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The Lurio Report

News and Analysis of the 'New Space' Enterprise

Charles A. Lurio, Ph.D., Writer/Publisher

 

Winner of the 2009 Space Frontier Foundation Award for NewSpace Journalism!

 

“There is so much new material out in the ether of space reporting that it is refreshing to receive a distinct and realistic assessment of events and themes in the industry. In those regards the Lurio Report nails it every time....an indispensable read.” 

             -- Will Whitehorn, President, Virgin Galactic, 2007-2010

 

“Charles's work has been a great contributor to extending understanding of the developing industry. The Lurio Report is evenhanded and insightful and I always look forward to reading Charles's opinions” 

             -- Gwynne Shotwell, President, SpaceX

 

“No one tracks and understands ‘New Space’ better than Charles Lurio.”

-- Jim Asker, Executive Editor, “Aviation Week & Space Technology”

 

“Charles Lurio is one of the very few observers of the emerging entrepreneurial space industry who has both the inside sources and the technical judgment to identify and evaluate emerging trends.”

 -- Jeffrey K. Greason, President, XCOR Aerospace; Member, Review of U.S. Human Space Flight Plans Committee

 

Events such as the flight of “SpaceShipOne” and current work on commercial human suborbital/orbital flight systems herald a ‘New Space’ era.  Commercial activities could expand to produce economic benefits in rivalry to the IT/web revolution.

 

The Cold War era ‘moon race’ linked space to a government framework and a public mindset that effectively prohibited developing practical spaceflight abilities for people and cargo.  Only comsat - type space businesses could succeed, since radio signals provide their own transportation to and from orbit.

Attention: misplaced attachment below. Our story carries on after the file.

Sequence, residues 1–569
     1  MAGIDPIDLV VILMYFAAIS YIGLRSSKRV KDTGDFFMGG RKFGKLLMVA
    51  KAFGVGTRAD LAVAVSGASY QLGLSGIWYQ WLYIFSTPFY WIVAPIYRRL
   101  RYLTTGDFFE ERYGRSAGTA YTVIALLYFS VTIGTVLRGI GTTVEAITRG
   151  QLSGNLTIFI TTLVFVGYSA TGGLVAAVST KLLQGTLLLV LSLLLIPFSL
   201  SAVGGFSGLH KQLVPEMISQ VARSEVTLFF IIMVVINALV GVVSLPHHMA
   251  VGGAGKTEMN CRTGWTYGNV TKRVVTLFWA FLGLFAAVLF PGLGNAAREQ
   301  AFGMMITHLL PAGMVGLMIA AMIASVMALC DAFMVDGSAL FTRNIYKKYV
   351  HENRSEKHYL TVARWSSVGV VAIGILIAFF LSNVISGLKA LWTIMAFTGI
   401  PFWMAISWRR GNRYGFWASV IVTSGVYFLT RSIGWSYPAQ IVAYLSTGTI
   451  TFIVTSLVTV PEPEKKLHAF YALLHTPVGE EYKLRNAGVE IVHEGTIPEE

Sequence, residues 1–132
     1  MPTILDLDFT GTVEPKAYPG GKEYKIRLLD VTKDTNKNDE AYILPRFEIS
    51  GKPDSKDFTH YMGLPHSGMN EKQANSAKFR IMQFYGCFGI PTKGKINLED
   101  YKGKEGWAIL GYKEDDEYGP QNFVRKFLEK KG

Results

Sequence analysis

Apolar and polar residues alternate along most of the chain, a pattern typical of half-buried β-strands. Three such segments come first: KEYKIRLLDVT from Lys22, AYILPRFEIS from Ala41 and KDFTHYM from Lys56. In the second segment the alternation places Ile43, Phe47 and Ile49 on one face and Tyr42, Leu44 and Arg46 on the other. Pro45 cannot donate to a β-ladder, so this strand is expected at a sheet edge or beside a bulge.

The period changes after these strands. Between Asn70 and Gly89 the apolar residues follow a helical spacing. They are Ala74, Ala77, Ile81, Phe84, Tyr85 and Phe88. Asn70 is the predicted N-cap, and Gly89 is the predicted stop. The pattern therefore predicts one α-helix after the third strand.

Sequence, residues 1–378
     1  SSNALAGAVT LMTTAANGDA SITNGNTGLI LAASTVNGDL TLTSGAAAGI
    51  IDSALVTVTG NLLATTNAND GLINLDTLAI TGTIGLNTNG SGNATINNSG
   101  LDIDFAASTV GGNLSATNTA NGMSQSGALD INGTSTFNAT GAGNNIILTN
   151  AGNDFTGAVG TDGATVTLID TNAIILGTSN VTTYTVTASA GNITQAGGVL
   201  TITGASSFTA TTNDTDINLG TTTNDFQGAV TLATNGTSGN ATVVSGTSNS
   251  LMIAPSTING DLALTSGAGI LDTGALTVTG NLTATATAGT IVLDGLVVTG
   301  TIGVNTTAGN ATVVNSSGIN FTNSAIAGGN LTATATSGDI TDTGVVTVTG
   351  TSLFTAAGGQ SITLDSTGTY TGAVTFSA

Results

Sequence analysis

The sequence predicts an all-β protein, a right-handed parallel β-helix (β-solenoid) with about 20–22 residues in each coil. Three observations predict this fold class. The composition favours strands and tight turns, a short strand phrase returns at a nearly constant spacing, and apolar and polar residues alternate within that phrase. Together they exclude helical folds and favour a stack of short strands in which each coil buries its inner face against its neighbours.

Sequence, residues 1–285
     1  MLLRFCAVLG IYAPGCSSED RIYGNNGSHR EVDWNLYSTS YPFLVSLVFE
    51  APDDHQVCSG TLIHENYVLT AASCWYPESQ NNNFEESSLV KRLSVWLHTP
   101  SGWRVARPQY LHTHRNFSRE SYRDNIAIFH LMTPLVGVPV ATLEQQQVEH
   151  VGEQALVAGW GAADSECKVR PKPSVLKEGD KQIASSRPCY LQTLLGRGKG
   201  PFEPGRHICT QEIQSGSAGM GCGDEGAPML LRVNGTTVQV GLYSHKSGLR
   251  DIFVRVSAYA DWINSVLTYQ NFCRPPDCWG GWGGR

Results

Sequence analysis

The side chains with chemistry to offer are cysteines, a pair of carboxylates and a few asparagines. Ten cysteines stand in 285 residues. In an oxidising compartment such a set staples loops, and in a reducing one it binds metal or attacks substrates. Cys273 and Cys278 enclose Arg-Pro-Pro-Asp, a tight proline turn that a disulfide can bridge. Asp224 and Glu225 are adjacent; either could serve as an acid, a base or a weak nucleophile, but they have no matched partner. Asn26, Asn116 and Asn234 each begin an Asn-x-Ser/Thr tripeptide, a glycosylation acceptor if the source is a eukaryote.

Practical aviation in the U.S. had advanced because government concentrated its efforts on long-term lab research and “testing the flight envelope” with vehicles designed for that purpose only.  That complemented the private sector’s shorter term investment horizons and ability to develop manifold new markets and the vehicles they required.

 

This balance of public and private strengths could have been applied to spaceflight, but was disrupted by the ‘race.’  An unstated assumption emerged that most spaceflight uniquely required what was essentially a central planning agency.  The result of these factors was that the price of space transportation and related systems stayed high while safety stayed low.  The economic promise of space was severely stunted. 

 

The Lurio Report brings you news in perspective and informed discussion on critical aspects of the emerging ‘New Space’ industry that is starting to break free from these constraints.  It also provides exclusives and background data that you will find nowhere else.

 

Subscribers Include: Major media; Entrepreneurial firms; Current and prospective investors in the field; Political players; Serious

advocates and observers of this ‘New Space’ revolution.

 

 

About Charles Lurio:

 

- Producing informal predecessor newsletters & updates for some 15 years;

- Developed contacts with business, investment and political players and national media.  Observer and participant in the ‘alternate space’ movement for decades;

- Worked independently in supporting the DC-X program in the early ‘90’s through political action and building bridges to the general and aerospace media;

- “Indispensable contributor” (Jeff Greason, CEO, XCOR) to the passage of the Commercial Space Launch Amendments Act of 2004, the enabling legislation for the private human suborbital spaceflight industry;

- Undergraduate through Ph.D. degrees, MIT Dept. of Aeronautics and Astronautics.